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X-Ray Knee 3V-Left

X Ray Basics:

The knees 3V X-ray is a set of radiographs taken to investigate conditions of the knee joint. These are usually ordered in the context of trauma, such as a car or sporting accident or assault. This procedure usually comprises three projections: anteroposterior view, lateral view, and axial view. 

The images show the soft tissues and bones of the knee joint, a hinge synovial joint that connects the femur (upper leg), tibia (lower leg), and patella (kneecap). The knee joint also contains some soft tissues and muscle, which allow extension, flexion, medial and lateral rotations.

Why do you need an X-ray?

Knee 3V X-rays are used to diagnose a fracture or osteoarthritis in the knee joint. This procedure can help find the causes of typical symptoms like swelling, pain sensitivity, or deformity of the knee. Doctors also order this after a broken bone has been set to check if the bone is aligned correctly and adequately healed.

If knee surgery is required, your doctor may order a radiograph to plan for the surgery and, later, see the operation results. Also, a knee X-ray can help diagnose later stages of infection and cysts, tumors, or other diseases in the bone.

When do you need to get it?

Your doctor may order a knee 3V X-ray if you have the following symptoms:

● Pain
● History of knee trauma
● Tenderness at kneecap
● Tenderness only at the patella
● Inability to flex your knee at 90 degrees
● Inability to bear weight
● Suspected osteoarthritis
● Suspected joint effusions
● Infection

Do you need to prepare for the X-ray?

Usually, there are no special preparations needed before this test unless your doctor tells you otherwise. However, tell your doctor if you have surgically implanted devices, such as a metal plate in your head, artificial heart valves, or a pacemaker.

The X-ray technicians may require you to remove your clothing and wear a hospital gown during the procedure. They will also ask you to remove jewelry, glasses, contact lenses, dentures, and accessories before the X-ray.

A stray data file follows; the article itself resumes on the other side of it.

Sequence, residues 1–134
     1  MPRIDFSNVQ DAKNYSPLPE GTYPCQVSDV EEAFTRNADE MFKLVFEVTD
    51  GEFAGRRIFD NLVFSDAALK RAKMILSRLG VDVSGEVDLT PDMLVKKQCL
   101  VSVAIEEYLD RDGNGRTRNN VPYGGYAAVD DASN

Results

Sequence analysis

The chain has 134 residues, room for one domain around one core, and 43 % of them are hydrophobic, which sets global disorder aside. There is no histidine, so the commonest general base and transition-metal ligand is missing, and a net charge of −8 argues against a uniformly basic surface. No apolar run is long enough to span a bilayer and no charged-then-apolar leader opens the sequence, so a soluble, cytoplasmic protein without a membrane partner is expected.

Be sure to inform the X-ray technician and your doctor if you are or may be pregnant. Since developing, fetuses are more susceptible to X-ray radiation than us.

What can you expect from an X-ray?

For a knee X-ray, three images are usually taken. Thus the X-ray technician will reposition the knee for each X-ray. Occasionally doctors request X-rays of both legs for comparison.

● AP view: This view shows the distal femur, proximal tibia/fibula, and the patella in the AP position. This view is the ideal projection to assess the tibial plateau and tibiofemoral alignment. For this image, the X-ray technician will ask you to stand and fully extend the knee. The X-ray can also be taken while supine if you have sustained a painful injury to the knee.

● Lateral view: The lateral view shows the side-view of the knee joint and is ordered to assess trauma or injury to the knee. The lateral projection is the ideal view to examine the patella and is also used to diagnose lipohemarthrosis. In this condition, fat and blood collect inside the joint due to trauma. For this projection, the technician will ask you to lie on your affected side, extending your lower knee outward and flexing at 30 degrees. The X-ray will be taken vertically above the knee joint. Oblique lateral views can also be taken when necessary, such as in a problematic trauma setting.

● Axial view: This is also called the sunrise view and shows the kneecap (patellofemoral joint) when the knee is bent. This indicates problems with the joint and the patella, such as fractures, subluxation, and luxation. The technician will ask you to lie down and place your leg on support under the knee for this projection, flexing it at a 45-degree angle. 

What do your X-ray results mean?

Once taken, the technician will give your X-rays to a radiologist who is a medical professional who's specially trained in reading and understanding radiographs. The radiologist will then write out a report which they will share with your primary physician.

Your doctor will then discuss the information with you. A treatment plan will begin once the doctor has determined if you have a fracture, knee dislocation, or osteoarthritis.

Related X-rays:

Knee Patella X-ray, Knees 2 Views, Knees Both views